Fear is the path to the dark side

Annie Lu/Staff

Back in September, I read about mobs of citizens in Guinea assaulting healthcare workers and educators who were working to stop the spread of Ebola, and I found myself pitying their ignorance and lack of education. Why else would they attack those who are just trying to help? Over the past several weeks, however, I’ve been seeing American citizens attack health workers and public health officials who are also working to stop the spread of Ebola. This time, many of the people who are doing the attacking are highly educated, well informed individuals. We all have the same goal: to eradicate this horrible disease. How is it that we are so blind to the fact that we are all on the same side?

No one in the United States who wasn’t coming from West Africa or directly treating someone from West Africa has contracted the disease — and this includes close family and friends of the sick. Scientific facts, however, can only go so far in reassuring the public, and the point is not to invalidate people’s fear and anger. It is perfectly understandable to be fearful for the safety of oneself and one’s loved ones, and I would argue that we should be angry at the continued spread of the disease.  That said, we cannot afford to take out our fear and anger on the courageous men and women who are risking their lives and livelihoods to fight this disease, especially when they are following the protocols put out by expert organizations, such as Doctors Without Borders and CDC. We also cannot take out our anger and fear on the public health officials who are hoping to dissuade fears and protect citizens by quarantining those who are at risk of carrying the disease.

Blaming people such as Dr. Craig Spencer or the officials at the Newark airport is not going to keep us safe. As infectious as the Ebola virus is, the true contagion in West Africa is the fear and hopelessness born out of a long history of poverty, injustice  and mistrust in any system that says it’s there to help. If we are to be angry, we should be angry at the fact that even before the Ebola outbreak, Liberia was estimated to have as few as 50 doctors responsible for the country’s entire population of 4.4 million. If we are to be angry, we should be angry that even with such a crippling pandemic, more continue to die of malaria in Guinea, Liberia and Sierra Leone than from Ebola. With already-weakened health systems collapsing and the sick afraid to go to the hospital, more and more people are dying from diseases we already know how to treat. If we are to be angry, we need to direct our anger at problems, not at people. Then comes the hard part: transcending that anger into compassion.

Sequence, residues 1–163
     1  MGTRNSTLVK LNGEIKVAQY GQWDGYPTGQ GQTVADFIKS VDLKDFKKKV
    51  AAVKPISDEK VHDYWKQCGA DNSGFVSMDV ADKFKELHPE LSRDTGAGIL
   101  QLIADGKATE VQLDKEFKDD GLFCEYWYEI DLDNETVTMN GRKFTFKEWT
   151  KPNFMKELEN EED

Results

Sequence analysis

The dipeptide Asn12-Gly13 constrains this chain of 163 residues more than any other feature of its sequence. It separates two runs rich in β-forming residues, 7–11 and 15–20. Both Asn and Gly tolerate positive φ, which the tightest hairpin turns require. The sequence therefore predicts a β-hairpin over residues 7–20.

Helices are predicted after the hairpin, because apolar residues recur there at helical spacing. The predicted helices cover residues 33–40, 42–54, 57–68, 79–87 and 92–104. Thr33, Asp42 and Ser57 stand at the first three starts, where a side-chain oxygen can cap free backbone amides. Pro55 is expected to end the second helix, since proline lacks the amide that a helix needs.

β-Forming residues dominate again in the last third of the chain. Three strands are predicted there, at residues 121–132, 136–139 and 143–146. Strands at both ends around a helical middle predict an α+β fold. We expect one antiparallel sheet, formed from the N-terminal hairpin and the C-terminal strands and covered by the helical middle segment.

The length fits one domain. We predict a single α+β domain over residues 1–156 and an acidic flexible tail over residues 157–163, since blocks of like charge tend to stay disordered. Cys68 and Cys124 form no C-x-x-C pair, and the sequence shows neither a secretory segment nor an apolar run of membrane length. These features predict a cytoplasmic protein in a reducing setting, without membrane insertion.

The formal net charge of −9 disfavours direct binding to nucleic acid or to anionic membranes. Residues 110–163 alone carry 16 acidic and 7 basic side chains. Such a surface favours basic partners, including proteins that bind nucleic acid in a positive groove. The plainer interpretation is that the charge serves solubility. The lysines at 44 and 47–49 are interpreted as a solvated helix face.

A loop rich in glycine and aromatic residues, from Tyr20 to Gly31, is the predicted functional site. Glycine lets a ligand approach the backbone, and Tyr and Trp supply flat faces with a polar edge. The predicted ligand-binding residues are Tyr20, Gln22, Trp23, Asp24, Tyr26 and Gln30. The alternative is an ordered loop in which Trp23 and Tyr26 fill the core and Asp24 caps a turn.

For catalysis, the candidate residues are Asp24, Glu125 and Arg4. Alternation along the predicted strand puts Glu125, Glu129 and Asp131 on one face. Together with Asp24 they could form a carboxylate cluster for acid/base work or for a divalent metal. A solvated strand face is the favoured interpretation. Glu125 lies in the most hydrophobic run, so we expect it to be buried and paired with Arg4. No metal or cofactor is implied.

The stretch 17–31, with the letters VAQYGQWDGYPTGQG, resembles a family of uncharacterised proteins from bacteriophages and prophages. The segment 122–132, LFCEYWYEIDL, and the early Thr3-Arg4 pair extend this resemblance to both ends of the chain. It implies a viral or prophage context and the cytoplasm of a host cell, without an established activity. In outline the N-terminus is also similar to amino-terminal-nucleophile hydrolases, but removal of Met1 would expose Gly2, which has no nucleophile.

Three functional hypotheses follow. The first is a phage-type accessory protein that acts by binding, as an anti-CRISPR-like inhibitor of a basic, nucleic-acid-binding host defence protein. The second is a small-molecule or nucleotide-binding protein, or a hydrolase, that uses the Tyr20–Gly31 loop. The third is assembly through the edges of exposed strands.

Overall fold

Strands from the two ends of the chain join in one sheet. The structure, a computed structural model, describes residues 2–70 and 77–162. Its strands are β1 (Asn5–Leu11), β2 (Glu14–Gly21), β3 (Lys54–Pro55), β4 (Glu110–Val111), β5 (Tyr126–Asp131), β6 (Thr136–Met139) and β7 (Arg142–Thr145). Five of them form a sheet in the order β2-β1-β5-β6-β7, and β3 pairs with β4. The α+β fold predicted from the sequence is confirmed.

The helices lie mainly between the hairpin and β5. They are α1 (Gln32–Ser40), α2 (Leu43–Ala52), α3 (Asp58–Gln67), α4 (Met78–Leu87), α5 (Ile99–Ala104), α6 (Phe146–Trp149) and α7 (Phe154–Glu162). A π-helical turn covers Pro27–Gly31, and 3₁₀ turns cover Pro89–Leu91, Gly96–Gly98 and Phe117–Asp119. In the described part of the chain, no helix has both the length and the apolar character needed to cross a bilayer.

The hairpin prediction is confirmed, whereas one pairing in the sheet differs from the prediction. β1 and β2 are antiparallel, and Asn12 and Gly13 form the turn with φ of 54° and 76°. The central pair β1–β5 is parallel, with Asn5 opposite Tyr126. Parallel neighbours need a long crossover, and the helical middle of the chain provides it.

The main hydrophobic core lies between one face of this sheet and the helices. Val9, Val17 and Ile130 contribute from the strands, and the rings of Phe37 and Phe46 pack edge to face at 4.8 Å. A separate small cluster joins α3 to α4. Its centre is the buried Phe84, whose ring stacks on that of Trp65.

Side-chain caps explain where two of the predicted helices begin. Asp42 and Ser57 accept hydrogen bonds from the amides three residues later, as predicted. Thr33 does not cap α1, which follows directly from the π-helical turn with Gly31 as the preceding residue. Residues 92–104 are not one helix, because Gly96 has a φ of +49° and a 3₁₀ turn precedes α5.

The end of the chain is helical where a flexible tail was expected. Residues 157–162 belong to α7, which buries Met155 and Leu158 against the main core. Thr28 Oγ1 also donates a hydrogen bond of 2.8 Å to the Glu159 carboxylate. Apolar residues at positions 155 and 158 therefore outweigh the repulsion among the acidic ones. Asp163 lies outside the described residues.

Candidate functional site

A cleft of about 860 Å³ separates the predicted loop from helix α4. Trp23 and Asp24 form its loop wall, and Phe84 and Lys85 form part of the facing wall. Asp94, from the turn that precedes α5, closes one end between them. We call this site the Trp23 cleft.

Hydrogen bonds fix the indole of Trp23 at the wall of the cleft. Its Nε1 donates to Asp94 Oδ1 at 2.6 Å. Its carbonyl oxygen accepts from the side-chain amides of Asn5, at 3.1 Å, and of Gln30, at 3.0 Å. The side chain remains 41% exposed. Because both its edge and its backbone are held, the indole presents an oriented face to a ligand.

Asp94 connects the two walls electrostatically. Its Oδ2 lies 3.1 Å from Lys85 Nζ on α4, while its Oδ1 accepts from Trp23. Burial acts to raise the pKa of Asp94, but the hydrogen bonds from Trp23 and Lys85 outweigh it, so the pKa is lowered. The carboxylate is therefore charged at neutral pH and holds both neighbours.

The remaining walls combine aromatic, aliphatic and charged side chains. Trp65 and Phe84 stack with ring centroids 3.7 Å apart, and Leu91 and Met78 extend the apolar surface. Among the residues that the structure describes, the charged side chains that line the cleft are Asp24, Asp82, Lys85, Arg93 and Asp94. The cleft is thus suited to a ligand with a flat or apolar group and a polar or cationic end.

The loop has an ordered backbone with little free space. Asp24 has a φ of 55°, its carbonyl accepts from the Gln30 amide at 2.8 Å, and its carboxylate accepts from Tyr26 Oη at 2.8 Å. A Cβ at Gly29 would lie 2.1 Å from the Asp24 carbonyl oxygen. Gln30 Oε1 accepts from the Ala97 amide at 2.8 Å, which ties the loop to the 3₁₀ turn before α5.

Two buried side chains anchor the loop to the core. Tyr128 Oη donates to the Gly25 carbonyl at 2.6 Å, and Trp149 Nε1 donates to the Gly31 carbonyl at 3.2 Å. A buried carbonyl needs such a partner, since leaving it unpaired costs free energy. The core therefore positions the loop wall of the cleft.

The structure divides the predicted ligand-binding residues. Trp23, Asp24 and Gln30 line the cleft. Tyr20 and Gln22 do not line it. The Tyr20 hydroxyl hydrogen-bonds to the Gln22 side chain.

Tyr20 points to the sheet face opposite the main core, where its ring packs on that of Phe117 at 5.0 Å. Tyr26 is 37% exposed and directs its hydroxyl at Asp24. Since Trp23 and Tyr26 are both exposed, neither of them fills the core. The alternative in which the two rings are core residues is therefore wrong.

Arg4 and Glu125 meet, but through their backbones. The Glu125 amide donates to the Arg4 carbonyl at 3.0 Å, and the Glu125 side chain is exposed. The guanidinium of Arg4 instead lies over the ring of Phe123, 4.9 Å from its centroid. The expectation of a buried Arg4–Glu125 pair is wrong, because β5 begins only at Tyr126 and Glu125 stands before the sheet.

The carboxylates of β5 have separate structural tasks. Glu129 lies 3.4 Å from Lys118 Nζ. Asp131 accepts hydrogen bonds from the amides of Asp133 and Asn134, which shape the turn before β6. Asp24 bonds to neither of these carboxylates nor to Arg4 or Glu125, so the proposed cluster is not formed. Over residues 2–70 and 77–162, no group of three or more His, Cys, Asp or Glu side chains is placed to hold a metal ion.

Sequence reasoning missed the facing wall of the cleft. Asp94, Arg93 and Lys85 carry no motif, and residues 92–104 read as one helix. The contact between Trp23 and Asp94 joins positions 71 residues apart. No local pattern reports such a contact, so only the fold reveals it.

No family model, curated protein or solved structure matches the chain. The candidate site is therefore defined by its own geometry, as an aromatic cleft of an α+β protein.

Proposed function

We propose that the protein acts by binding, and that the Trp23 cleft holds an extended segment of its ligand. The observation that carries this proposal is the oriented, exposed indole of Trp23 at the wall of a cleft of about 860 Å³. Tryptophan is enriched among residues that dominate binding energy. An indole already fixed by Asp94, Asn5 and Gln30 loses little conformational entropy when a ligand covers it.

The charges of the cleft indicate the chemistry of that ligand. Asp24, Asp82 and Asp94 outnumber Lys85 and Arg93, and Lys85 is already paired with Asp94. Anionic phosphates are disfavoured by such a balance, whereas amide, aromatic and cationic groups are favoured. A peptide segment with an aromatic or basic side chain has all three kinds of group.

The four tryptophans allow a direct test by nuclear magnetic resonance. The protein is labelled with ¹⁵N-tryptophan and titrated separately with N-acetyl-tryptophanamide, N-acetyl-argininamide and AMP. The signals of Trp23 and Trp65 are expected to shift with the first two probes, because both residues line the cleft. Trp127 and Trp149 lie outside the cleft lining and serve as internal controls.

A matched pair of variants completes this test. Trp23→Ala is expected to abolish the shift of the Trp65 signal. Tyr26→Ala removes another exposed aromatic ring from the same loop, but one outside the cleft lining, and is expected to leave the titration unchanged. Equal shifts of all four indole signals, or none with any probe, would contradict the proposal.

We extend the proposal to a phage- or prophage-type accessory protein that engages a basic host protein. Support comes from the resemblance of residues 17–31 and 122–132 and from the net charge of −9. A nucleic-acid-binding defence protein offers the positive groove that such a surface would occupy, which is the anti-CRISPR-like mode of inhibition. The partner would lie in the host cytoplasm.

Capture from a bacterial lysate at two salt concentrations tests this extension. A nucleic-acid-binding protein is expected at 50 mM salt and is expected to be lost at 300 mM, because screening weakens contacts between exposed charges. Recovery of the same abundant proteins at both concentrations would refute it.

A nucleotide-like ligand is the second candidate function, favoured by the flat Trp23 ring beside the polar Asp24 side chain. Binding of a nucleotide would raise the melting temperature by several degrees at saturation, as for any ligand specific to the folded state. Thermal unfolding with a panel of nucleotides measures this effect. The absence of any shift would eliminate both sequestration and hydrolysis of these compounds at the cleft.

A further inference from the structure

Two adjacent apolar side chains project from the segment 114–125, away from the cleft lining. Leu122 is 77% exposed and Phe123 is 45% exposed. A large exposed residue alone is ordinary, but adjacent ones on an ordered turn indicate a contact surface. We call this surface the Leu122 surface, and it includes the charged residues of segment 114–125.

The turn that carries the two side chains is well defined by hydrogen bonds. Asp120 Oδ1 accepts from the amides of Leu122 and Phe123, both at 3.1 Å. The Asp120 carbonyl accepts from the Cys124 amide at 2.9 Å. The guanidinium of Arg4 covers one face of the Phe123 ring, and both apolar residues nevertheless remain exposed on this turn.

As a member of what has been dubbed Generation “Me,” I am ashamed of the selfishness of many of my elders, who are only adding to the fear and confusion rather than supporting those who are out there fighting the pandemic. The only way we are going to truly protect ourselves from this disease in the United States is if we beat it in West Africa. Punishing healthcare workers and banning flights will only cause the pandemic to spiral further out of control, not to mention forgo the “freedom and justice for all” that we as a country pledge.

At the same time, there’s a fine line between being calm and being apathetic. As the fear and hype eventually pass here in the United States, we cannot forget that the battle rages on in Liberia and Sierra Leone and will continue to rage as long as we fail to address the inequities that lie at its source. So whether you support our country’s involvement in foreign affairs or not, I urge all of you to support our involvement in this one. Here is a war in which we can fight against death, not cause it. But to do so, we cannot let our fear and anger turn to hate — or worse, indifference.

More information on the HEAL Initiative and its involvement in the Ebola response effort can be found at healinitiative.org.

Brett Lewis graduated in 2014 from UC Berkeley with a B.A. in public health and a minor in anthropology. Now a research assistant at UCSF, she is helping launch the HEAL Initiative, a global health equity fellowship that aims to build a healthcare workforce for low-resource settings both here in the United States and in countries such as Liberia.

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